If COVID-19 were a pandemic movie, we’d be very close to the end since we’ve identified several excellent vaccines; the conventional biomedical innovation narrative often ends with the product being fully developed. But we’ve still got a long way to go with COVID-19, and the biggest challenge is getting the vaccines to billions more people (and getting them to take the vaccines, but that’s a separate topic). Only 0.3% of global doses have been administered in low-income countries, many of which are confronting severe outbreaks. A staggering 1 million infections were reported in Africa in just one month, with few vaccines in sight. By some estimates, much of the world’s population won’t be vaccinated until well into 2023. Amid pledges of sharing vaccines, perhaps the most prominent policy debate today is about waiving intellectual property rights to COVID-19 technologies, including vaccines. In this post we explain what’s being proposed, what’s happening with the waiver negotiations, and what impact these negotiations might have.
What does TRIPS require at baseline?
Negotiations over the intellectual property rights supporting COVID-19 technologies are taking place against the backdrop of the World Trade Organization (WTO) Agreement on Trade-Related Aspects of Intellectual Property Rights (TRIPS). The TRIPS Agreement creates obligations for WTO member states (with exceptions for least-developed countries). For example, member states must provide inventors with the opportunity to obtain patents that last for 20 years from the date of filing, and must provide for patent protection for pharmaceutical products, rather than processes alone.
Only member states can enforce TRIPS obligations. Members who wish to initiate dispute resolution proceedings against other countries they believe are violating TRIPS may do so through the WTO’s dispute resolution mechanism, with possible trade sanctions as a remedy. But since December 2019, the WTO’s Appellate Body—charged with hearing appeals and resolving inconsistent settlement panel rulings—has lacked a quorum. As a result, the WTO’s ability to resolve disputes and engage in enforcement is now limited, as dispute resolutions are only binding if neither party appeals or the appeal is resolved. The Trump Administration spent years blocking any potential nominees to the appeals panel, and thus far, the Biden Administration has done the same.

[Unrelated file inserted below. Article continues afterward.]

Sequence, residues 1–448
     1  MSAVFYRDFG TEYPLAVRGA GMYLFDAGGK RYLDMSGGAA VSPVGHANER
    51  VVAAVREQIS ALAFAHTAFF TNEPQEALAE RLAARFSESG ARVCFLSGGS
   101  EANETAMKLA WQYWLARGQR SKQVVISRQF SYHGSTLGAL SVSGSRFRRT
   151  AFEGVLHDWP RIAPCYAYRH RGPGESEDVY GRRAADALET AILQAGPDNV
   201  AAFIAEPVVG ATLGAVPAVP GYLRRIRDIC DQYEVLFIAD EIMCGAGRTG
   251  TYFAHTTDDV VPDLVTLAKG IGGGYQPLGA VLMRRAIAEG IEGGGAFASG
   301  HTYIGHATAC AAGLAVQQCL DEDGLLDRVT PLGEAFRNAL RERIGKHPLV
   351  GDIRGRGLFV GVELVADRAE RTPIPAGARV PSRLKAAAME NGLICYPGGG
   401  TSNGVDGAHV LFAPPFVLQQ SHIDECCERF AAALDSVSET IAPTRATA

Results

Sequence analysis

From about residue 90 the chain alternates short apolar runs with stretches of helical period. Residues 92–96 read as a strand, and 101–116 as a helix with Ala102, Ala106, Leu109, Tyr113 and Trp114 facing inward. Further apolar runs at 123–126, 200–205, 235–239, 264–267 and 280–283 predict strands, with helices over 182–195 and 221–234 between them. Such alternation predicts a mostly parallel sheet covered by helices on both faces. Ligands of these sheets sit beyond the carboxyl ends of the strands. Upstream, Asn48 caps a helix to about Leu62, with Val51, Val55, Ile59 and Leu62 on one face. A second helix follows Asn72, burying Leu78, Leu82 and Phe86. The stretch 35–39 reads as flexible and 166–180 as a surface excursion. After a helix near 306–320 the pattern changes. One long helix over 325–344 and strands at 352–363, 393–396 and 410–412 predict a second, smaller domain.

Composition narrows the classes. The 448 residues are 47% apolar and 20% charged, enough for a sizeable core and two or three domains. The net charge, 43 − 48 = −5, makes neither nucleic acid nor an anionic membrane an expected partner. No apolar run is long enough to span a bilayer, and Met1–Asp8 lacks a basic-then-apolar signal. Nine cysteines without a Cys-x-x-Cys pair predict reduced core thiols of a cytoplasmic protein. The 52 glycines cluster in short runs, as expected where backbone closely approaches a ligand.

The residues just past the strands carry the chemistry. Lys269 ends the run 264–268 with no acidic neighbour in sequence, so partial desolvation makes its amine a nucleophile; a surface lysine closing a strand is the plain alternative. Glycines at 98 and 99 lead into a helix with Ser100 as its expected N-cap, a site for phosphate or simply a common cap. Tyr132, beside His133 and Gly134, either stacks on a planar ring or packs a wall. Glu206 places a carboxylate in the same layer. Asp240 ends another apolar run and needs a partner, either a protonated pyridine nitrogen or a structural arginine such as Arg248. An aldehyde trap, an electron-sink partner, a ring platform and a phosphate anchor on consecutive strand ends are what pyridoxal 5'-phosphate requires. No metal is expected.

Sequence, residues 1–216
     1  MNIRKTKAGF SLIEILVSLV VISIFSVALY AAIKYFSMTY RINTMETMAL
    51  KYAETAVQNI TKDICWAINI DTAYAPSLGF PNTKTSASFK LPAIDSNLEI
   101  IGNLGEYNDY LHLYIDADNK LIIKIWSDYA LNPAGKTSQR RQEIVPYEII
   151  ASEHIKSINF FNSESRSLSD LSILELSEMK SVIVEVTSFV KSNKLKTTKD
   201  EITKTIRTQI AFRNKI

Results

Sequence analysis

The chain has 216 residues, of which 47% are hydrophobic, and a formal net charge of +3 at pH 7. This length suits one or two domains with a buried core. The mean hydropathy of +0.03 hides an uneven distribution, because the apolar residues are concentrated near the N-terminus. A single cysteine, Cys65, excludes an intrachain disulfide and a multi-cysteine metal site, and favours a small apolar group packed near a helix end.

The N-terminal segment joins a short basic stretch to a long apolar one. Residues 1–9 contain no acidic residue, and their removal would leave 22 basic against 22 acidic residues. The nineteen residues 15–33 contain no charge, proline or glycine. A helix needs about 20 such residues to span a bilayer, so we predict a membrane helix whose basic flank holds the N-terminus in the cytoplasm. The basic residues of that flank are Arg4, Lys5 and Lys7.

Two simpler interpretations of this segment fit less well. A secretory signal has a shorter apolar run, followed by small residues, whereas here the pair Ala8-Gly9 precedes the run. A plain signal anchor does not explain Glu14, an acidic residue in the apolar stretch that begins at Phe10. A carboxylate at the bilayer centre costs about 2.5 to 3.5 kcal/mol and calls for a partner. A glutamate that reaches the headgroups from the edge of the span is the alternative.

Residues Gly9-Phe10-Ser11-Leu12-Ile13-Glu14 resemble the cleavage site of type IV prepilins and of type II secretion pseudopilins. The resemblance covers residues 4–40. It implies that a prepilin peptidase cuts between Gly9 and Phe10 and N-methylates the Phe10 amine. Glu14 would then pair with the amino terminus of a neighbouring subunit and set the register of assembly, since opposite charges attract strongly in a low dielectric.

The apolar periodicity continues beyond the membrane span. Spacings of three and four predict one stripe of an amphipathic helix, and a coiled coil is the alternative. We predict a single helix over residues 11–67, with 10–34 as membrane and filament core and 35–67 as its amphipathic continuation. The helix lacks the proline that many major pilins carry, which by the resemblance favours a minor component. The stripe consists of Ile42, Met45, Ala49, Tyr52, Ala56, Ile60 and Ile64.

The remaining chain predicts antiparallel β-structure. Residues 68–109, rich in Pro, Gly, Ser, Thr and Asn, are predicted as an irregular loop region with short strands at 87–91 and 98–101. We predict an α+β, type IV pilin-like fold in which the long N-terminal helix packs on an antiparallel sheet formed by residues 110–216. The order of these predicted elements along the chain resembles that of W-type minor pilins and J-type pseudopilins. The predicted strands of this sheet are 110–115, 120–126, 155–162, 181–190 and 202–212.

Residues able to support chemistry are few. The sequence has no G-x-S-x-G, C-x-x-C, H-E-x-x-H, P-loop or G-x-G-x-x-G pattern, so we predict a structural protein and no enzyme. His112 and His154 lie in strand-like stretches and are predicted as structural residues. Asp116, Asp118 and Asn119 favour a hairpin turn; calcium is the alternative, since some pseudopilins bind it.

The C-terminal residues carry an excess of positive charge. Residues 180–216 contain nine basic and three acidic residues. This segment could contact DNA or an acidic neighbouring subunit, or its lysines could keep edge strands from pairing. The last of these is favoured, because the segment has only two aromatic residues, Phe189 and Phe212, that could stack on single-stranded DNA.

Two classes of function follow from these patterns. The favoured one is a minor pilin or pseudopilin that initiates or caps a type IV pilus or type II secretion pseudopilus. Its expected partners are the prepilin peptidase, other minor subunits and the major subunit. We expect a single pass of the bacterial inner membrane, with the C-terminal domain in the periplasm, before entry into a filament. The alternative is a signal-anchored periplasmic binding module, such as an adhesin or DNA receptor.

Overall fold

TRIPS Article 31 and 31bis do permit member states to engage in compulsory licensing, permitting either “use by the government or other third parties authorized by the government,” as long as certain conditions are met, including “adequate remuneration” paid to the rightholder. Originally, TRIPS only permitted compulsory licensing for domestic production—and although many countries did have the ability to produce their own pharmaceuticals, not all did. In the COVID-19 context, for instance, most countries currently lack facilities with capacity to produce COVID-19 vaccines. Africa, for example, currently only has three existing facilities with vaccine substance manufacturing capacity, one each in Egypt, Tunisia, and Senegal, though others are planned. None currently make mRNA-LNP vaccines.
In 2005, an amendment to the TRIPS Agreement was approved (though it was first agreed to in 2003 and not formally ratified until 2017) that would enable member states to produce a pharmaceutical product subject to a compulsory license solely for purposes of export to another eligible member state. In theory, this provision would allow a country with current capacity to manufacture COVID-19 vaccines to issue a compulsory license for the production and export of the vaccines to developing countries. But the procedures established by the amendment were complicated, and the amendment has only been used once—in 2007, when Rwanda used it to import HIV medications manufactured in Canada.